2. Get rid of any clutter. It’s time toss what you don’t need or at least pack it away while you’re home is on the market. This might include some furnishings. Why? Because a more open home feels like a bigger home. You might consider renting a storage bay if you absolutely must keep items that may complicate the marketing of your home.

3. There’s $$$ in a fresh — neutral — coat of paint. Painting a living room a fresh neutral color helps tone down any dated finishes in the space.  These days, the definition of neutral extends way beyond beige, from warm tans and honeys to buttery yellows. As for bold wall colors, they have a way of reducing offers, so go with neutrals in large spaces. Giving adjacent rooms the same neutral color makes them appear like one big space. That said, don’t be afraid to use dark paint in a powder room, dining room or bedroom. A deep tone on the walls can make the space more intimate, dramatic and cozy.

Take a close look at this typical living room makeover (CREDIT: HGTV’s “The Stagers”) and compare it to . . . .

. . . how this same living room looked AFTER staging. (CREDIT: HGTV’s “The Stagers”)

4. Position furniture for eye-pleasing traffic flow, especially in big rooms. Reposition sofas and chairs into cozy conversational groups, and place pieces so that the traffic flow in a room is obvious. Not only will this make the space more user-friendly, but it will open up the room and make it seem larger

5. Transform dormant space into something useful. Think about re-purposing a room, or even one area of  large space (e.g. in the basement) into something that will add to the value of your home. Adding a comfortable armchair, a small table and/or a lamp in a stairwell nook could transform it into a cozy reading spot. How about a yoga studio somewhere?

6. More — and useful — lighting is more inviting. This is especially true from October through March when sunlight is at a premium. Some homes I’ve visited as a buyer’s agent lack enough lighting. Aim for 100 watts for each 50 square feet.  Don’t depend on just one or two fixtures per room, either. Make sure you have three types of lighting: ambient (general or overhead), task (pendant, under-cabinet or reading) and accent (table and wall).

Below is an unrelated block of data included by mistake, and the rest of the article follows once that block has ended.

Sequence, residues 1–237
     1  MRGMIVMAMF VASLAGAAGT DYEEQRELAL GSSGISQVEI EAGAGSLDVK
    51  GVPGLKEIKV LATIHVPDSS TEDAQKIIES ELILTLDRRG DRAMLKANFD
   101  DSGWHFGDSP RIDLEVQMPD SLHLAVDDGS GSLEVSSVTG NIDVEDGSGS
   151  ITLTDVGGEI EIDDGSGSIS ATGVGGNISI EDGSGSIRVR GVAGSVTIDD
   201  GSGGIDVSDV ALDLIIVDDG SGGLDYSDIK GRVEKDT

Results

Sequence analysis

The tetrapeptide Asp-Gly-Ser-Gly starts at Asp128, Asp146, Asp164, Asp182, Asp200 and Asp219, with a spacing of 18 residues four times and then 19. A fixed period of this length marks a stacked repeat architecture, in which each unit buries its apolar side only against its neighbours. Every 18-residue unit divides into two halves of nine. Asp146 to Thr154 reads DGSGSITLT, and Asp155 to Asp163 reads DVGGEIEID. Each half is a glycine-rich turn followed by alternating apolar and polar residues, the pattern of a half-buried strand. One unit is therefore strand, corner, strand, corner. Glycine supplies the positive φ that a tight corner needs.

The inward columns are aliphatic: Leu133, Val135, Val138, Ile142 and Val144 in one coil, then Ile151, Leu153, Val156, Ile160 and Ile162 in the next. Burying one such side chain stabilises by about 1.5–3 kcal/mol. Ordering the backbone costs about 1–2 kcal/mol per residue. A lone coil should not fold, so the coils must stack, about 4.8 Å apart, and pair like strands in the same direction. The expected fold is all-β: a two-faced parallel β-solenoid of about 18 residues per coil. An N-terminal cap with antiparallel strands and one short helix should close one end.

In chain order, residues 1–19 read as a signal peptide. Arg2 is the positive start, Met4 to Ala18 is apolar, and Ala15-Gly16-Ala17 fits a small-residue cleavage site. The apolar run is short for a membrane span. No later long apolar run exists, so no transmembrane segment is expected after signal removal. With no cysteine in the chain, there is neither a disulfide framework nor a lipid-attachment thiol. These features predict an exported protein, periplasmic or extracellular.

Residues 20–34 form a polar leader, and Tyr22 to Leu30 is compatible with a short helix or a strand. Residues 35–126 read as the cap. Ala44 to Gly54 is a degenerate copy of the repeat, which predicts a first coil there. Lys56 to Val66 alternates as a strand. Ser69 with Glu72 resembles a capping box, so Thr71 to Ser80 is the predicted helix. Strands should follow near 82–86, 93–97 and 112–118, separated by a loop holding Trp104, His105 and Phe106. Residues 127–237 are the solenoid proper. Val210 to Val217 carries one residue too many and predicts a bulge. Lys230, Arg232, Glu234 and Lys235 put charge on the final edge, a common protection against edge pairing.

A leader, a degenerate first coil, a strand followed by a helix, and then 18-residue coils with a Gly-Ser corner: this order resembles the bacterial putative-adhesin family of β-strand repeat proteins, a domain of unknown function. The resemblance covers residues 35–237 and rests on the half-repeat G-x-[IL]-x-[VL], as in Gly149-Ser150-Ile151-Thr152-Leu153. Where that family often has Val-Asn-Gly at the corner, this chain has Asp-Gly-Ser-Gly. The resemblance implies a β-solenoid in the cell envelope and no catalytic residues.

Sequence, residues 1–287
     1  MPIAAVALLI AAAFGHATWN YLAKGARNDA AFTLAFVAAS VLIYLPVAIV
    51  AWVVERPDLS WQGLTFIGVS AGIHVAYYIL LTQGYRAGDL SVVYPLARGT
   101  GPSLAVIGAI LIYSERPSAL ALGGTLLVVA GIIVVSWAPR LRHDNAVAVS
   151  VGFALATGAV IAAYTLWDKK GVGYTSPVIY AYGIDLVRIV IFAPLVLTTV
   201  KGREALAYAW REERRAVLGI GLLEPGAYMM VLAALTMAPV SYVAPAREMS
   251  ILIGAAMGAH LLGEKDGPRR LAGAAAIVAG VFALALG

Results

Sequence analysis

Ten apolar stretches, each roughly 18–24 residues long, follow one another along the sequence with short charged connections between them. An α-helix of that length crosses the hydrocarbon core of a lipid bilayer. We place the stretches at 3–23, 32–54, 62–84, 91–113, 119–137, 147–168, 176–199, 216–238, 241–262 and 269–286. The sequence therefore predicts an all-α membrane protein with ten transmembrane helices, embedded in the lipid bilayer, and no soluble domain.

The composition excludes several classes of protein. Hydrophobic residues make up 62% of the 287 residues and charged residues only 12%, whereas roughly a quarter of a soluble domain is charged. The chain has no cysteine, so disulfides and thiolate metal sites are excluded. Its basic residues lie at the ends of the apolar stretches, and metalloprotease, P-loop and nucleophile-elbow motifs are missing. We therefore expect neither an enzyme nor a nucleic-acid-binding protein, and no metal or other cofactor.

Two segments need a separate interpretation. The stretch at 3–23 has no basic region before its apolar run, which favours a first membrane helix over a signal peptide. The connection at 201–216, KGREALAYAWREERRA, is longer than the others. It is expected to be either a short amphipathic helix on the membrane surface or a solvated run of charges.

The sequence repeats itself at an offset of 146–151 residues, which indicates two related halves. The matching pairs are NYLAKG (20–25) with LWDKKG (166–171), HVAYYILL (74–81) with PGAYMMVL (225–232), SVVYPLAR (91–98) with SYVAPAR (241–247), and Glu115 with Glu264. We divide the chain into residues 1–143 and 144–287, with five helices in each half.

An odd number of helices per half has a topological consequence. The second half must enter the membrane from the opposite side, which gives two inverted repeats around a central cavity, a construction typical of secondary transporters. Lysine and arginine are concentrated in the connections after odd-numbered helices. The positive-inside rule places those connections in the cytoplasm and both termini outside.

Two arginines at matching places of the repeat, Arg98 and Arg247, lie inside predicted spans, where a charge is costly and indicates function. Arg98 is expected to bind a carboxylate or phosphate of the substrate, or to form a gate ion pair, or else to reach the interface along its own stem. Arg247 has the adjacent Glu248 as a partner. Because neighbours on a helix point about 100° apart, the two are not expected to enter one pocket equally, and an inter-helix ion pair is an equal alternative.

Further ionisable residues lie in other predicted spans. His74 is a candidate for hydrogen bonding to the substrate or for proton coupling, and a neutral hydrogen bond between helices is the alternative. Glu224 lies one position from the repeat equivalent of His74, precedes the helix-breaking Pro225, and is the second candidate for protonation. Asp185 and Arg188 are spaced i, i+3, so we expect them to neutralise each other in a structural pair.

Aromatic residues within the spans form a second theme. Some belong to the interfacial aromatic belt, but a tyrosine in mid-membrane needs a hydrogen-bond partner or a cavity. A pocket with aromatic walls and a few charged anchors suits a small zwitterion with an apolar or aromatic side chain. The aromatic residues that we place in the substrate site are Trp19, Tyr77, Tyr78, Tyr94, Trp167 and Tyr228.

7. New ‘faces’ in the kitchen.  If you can’t afford new cabinets, consider new doors and drawer fronts. Then paint everything to match. It will help if your appliances match. Instead of replacing the entire dishwasher, you may be able to get a new front panel. Check with the manufacturer to see if replacements are available for your model. (See my previous blog post in this category on “New trends in kitchen appliances.”)

8. Finish those UNfinished repairs! Not only will something wrong or that’s not working in your home scare off potential buyers, it most certainly will cost you to make a deal work, either after a home inspection and/or at the settlement table.

9. Is it time to update your master bathroom?  Just how old is that vanity? If practical, envision a pedastal sink because it shows off square footage in small bathrooms beautifully. Plus, buyers will see how much floor space your bathroom has.

You can provide a feeling of spa along with water- cost-saving items such as modern toilets which use markedly less water than even a few years ago. (Get this: they don’t ever get ‘plugged’ either!) Consider painting you tile to help it look brand new. Doesn’t hurt to accessorize with rolled-up towels, decorative baskets and candles.

10. Show your walls’ dexterity by varying wall hangings. Placing your pictures, paintings and prints in such stereotypical spots can render them almost invisible. Art displayed creatively makes it stand out and shows off your space. So break up that line and vary the patterning and grouping.

BONUS! 11.Create serene bedrooms. Using soft colors luxurious-looking linens can make a potential homebuyer want to sit back and relax. Tip: If you don’t have the money to buy a new bed, just get the frame then buy an inexpensive air mattress and dress it up with neutral-patterned bedding.

Next trend in kitchen appliances after stainless steel? How about ice, glass or slate?

September 5, 2012 — “Stainless fatigue” is what The Wall Street Journal this week called what may be a new design phase for kitchen appliances.

If you’re planning on a kitchen makeover, which ad the privilege of working on for some of my clients moving into their next homes, you may want to heed the proclaimed end of stainless steel’s 25-year reign. That said, there does not appear to be clear successor in place.